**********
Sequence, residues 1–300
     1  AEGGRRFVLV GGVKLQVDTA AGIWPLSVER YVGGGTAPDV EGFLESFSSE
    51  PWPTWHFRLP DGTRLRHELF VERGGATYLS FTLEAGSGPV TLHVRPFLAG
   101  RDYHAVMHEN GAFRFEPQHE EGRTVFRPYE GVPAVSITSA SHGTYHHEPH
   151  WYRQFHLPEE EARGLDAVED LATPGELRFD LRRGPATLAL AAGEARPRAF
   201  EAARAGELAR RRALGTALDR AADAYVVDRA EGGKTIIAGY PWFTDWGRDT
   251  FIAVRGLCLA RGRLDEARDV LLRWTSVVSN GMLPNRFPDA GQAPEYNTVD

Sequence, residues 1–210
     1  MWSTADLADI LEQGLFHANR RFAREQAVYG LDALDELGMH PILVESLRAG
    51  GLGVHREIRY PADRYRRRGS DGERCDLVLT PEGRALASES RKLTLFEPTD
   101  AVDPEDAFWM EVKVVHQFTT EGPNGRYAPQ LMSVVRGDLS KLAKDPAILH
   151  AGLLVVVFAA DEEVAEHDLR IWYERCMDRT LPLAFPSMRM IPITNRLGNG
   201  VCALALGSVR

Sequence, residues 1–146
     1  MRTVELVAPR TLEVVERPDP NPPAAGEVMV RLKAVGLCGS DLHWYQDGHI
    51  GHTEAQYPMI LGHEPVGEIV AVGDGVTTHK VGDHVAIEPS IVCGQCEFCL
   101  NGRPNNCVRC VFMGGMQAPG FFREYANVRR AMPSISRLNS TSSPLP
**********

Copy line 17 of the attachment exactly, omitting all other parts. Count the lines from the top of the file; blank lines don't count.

   101  NGRPNNCVRC VFMGGMQAPG FFREYANVRR AMPSISRLNS TSSPLP